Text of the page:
He saw them in the darkness.

Not only did he see where they were on the sea, but he saw the horrible storm they were facing and he saw their every effort to overcome it.  “He saw them straining at rowing for the wind was against them.”

When things are dark for us—either literally at night when we’re tossing in bed unable to sleep or just in times when we can’t sense the Lord’s presence or light in our circumstances—He sees us.  He knows everything we are facing and all of our efforts to overcome.  He knows what thoughts steal our sleep.

For the disciples in that storm, Jesus’s presence alone brought them peace.  He walked to them on the water and comforted them, saying: “Do not be afraid.’  Then He went up into the boat to them, and the wind ceased” (verses 50 and 51).  It didn’t take magical formulas or even speaking to the storm.  Jesus was present with them, and the tempest ended.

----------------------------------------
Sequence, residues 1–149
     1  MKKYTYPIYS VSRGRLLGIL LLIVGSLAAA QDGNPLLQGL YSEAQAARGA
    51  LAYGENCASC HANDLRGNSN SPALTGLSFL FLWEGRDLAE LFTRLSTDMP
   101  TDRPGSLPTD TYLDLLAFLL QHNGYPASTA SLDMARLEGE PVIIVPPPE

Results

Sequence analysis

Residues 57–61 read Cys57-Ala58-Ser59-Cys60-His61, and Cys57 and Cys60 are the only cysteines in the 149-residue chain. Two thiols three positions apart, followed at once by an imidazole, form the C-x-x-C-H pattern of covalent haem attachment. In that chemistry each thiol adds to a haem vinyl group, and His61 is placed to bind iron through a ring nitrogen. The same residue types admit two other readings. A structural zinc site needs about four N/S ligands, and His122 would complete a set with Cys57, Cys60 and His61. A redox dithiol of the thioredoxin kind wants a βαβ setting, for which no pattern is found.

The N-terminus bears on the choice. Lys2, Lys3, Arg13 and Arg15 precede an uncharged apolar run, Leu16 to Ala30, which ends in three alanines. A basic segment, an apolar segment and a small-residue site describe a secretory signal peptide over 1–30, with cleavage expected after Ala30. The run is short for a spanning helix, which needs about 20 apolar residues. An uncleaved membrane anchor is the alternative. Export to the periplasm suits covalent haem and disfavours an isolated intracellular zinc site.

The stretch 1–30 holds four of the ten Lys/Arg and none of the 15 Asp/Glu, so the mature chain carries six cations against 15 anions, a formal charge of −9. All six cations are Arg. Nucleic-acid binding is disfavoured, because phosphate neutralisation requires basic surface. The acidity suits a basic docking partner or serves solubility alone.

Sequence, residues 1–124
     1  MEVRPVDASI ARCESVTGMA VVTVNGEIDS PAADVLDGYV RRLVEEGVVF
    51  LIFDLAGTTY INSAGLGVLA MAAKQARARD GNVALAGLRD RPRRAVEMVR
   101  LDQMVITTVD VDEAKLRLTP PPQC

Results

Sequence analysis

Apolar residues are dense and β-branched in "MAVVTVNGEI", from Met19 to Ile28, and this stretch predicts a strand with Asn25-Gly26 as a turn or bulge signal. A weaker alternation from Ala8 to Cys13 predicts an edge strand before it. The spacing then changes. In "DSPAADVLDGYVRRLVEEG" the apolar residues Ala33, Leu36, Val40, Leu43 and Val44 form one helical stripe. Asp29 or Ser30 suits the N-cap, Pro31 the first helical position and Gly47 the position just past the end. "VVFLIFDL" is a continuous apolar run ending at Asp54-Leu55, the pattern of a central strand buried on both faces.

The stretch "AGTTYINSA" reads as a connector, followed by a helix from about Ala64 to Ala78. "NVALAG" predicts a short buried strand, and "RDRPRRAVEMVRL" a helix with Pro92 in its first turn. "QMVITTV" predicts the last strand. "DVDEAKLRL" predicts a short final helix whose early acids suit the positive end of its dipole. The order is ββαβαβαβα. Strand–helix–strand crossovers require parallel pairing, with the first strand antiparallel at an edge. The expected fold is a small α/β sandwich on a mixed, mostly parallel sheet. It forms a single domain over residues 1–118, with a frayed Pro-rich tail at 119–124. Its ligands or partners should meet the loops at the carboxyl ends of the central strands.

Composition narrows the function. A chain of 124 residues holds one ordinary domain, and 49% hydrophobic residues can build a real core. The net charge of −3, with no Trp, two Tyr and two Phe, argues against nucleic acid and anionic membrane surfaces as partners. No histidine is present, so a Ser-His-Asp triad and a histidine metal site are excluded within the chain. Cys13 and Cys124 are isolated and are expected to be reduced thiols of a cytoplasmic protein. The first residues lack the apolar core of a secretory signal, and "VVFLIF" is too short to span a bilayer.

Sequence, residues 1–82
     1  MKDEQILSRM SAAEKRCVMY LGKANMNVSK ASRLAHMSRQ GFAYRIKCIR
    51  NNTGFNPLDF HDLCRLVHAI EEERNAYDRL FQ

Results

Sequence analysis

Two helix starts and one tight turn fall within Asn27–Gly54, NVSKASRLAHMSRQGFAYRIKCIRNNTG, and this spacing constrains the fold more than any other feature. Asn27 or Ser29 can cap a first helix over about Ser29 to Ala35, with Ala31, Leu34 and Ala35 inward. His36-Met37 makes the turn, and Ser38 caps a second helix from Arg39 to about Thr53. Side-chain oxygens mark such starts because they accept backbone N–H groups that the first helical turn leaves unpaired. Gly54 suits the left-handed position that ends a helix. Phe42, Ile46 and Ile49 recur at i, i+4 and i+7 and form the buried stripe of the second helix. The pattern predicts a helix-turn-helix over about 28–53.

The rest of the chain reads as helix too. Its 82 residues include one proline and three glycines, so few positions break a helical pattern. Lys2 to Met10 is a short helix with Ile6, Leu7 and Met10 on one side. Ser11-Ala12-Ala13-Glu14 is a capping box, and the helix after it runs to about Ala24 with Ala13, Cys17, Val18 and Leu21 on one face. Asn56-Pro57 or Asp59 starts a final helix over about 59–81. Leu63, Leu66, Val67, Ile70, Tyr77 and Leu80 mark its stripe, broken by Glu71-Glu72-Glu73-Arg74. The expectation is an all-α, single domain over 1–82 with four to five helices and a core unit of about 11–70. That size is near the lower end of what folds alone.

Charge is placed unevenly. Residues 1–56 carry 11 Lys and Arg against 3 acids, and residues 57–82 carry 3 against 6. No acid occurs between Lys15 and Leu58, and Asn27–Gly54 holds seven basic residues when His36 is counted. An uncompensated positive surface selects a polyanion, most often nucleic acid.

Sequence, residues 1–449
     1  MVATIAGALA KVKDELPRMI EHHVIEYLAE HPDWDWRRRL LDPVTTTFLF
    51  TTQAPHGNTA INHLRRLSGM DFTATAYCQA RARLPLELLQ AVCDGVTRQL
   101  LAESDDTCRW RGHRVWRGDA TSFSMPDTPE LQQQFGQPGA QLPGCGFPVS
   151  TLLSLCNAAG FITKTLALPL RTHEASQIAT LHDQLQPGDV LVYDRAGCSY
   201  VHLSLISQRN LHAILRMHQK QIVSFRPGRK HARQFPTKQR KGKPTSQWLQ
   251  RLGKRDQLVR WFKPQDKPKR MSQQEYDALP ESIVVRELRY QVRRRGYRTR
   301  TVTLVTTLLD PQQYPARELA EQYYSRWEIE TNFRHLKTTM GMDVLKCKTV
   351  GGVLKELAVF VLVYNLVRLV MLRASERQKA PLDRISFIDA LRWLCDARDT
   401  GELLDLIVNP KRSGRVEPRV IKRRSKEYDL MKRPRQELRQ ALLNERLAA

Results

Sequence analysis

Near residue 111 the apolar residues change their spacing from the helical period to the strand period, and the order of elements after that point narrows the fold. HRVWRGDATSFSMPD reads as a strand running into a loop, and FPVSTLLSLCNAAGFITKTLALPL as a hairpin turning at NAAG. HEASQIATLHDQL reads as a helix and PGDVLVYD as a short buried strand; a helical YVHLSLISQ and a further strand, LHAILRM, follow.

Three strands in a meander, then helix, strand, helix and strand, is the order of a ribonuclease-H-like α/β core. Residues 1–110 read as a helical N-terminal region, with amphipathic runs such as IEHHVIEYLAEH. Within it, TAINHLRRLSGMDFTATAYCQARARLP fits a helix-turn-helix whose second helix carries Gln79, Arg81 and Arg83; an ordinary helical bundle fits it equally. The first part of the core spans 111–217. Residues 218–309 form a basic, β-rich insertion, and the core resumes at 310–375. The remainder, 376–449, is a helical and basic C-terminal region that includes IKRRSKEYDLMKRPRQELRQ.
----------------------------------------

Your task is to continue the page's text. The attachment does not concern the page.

It is the same with us.  No matter our storm or the darkness we face, we can have peace in His presence.  As the Psalmist wrote, “In peace I will lie down and sleep, for you alone, LORD, make me dwell in safety” (Psalm 4:8, NIV).

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Heather King is a wife, mom, Bible Study teacher, writer for www.myfrienddebbie.com and worship leader.  Most importantly, she is a Christ follower with a desire to help others apply the Bible to everyday life with all its mess, noise, and busyness.  To read more devotionals by Heather King, click here.

Copyright © 2011 Heather King